Tuesday, May 13, 2014

A Moment in Le Palais

I'm one of those people who loves France, and particularly Paris, truly, madly and deeply. It's a culture that has perfected the art of subtlety in nearly everything it does. Wine, spirits, perfume, cuisine, fashion - they are able to layer simple flavors, scents, colors, textures in such a way that draws you in and holds you tightly without your ever being aware you've been ensnared.

My first trip to Paris (age 21)
Front row: P and me (yes, I went totally blonde)
Back row: L'Hotel national des Invalides 
I've found French tea, and particularly tea from Palais des Thes, is no different.

It's fair to say that, in general, there are two types of tea that I would consider near-necessities: Assam and Milk Oolong. Assams come in a grand spectrum of single estate leaves to multi-faceted breakfast blends, and I most often love an Assam that shouts from the rooftops rather than whispers its virtues. Assams typically start my day. Milk Oolong, on the other hand, is a relatively new discovery for me. I was first introduced to it about five or six years ago. This is a tea that I would consider my guilty pleasure. When something is particularly difficult or I'm in need of a little TLC, Milk Oolong is typically my equivalent of comfort food. It's not for every day. It's for special occasions.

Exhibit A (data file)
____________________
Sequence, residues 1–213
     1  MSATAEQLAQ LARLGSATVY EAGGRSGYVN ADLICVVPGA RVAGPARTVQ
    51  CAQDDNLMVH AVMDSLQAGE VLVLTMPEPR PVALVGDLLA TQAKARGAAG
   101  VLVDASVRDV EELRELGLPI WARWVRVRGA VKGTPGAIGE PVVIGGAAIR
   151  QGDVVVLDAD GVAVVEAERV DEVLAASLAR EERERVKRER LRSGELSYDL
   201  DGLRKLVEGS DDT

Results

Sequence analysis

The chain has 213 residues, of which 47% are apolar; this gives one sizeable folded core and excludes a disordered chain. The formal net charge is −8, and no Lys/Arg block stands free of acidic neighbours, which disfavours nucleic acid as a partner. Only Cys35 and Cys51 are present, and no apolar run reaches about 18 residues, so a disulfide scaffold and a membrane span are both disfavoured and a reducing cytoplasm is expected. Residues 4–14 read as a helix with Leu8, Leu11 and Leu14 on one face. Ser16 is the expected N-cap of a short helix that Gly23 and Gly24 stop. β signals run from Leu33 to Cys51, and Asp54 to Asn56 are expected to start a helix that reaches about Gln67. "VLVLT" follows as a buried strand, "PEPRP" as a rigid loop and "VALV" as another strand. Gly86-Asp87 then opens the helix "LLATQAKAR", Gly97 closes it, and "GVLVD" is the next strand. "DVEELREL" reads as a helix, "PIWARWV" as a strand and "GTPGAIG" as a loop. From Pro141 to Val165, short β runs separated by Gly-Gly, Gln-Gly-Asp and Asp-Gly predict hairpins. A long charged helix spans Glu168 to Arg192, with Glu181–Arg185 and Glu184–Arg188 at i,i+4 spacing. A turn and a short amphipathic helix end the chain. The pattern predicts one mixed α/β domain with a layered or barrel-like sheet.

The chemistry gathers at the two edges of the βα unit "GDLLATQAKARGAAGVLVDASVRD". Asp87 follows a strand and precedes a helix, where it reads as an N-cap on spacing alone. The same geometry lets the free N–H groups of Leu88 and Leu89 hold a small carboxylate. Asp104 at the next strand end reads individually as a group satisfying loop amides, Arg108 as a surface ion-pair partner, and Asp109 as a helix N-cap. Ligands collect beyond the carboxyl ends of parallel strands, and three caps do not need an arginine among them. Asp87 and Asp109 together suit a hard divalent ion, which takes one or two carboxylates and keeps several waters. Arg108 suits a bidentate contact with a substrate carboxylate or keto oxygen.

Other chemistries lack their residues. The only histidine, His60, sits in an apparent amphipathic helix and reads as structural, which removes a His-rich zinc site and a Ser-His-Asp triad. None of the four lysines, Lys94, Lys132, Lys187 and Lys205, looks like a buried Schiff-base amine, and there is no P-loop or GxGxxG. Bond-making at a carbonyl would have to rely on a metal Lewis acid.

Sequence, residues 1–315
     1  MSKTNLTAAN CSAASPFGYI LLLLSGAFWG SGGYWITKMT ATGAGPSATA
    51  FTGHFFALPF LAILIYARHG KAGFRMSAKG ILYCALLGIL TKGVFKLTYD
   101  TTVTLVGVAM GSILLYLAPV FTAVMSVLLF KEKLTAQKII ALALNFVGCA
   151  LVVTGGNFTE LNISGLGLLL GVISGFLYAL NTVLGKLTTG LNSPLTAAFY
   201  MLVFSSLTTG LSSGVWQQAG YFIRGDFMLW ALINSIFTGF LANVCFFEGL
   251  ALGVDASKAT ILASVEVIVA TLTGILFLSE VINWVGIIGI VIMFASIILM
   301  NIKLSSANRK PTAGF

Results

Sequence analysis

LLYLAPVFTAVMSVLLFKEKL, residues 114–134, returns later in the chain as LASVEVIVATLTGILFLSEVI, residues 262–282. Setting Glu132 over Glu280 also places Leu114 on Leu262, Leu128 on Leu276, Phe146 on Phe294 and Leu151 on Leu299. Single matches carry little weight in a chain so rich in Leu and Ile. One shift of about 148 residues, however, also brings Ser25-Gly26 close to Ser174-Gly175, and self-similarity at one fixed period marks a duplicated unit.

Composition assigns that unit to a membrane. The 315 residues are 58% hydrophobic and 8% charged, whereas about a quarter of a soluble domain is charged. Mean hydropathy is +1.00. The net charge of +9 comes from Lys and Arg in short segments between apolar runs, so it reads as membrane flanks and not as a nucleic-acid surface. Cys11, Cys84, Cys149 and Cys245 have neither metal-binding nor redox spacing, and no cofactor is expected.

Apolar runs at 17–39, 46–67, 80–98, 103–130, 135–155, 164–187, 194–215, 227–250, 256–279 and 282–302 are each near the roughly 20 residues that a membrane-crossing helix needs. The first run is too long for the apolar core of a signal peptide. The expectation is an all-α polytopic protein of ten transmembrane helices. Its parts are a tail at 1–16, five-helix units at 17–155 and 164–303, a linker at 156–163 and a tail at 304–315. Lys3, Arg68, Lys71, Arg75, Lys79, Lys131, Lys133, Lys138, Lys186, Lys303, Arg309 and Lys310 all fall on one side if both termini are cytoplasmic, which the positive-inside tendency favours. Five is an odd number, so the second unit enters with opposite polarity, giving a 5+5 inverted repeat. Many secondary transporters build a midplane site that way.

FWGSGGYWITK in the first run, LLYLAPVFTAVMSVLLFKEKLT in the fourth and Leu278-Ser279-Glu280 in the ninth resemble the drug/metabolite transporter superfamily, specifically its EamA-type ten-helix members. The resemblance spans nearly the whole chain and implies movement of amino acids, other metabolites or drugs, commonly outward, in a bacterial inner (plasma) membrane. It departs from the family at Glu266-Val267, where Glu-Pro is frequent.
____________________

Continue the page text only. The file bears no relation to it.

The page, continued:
And so, when I opened a package from Palais des Thes with an Assam and a Milk Oolong enclosed, I felt like I was opening a gift from my best friend who knows me so well.

While I admittedly love my Assams strong and brash, I loved the quiet strength of Assam Bazaloni. Smooth and just the slightest bit peppery, it made its presence known without bulldozing my palate. And the color, a rich and regal red, had such clarity of tone, I can only compare it to listening to that moment when a tenor hits and holds that perfect note - it causes shivers to go up and down your spine.

Again, the tea is a feast for my eyes as well as my tongue. Called Milky Oolong, this tea is sheer luxury. I love reading that this tea was "created by a Chinese community that has been growing tea for decades in the village of Mae Salong in Northern Thailand." I can just imagine the pride and care taken with these leaves.  The scent is a creamy mixture of light honeysuckle and vanilla, and while the creamy nature of the tea is present as you sip, it is delicately in the background, layered with floral notes. Even when you've finished the cup, there's a pleasing essence that lingers with you, so like a Parisienne who walked by a minute ago but you can still detect her signature fragrance.

For those of us who like our teas big and bold, know that French teas truly are more restrained. Savor the nuanced layering of flavors and scents. You, like me, will look at some "old favorites" in a new light and with new appreciation. Vive la difference!

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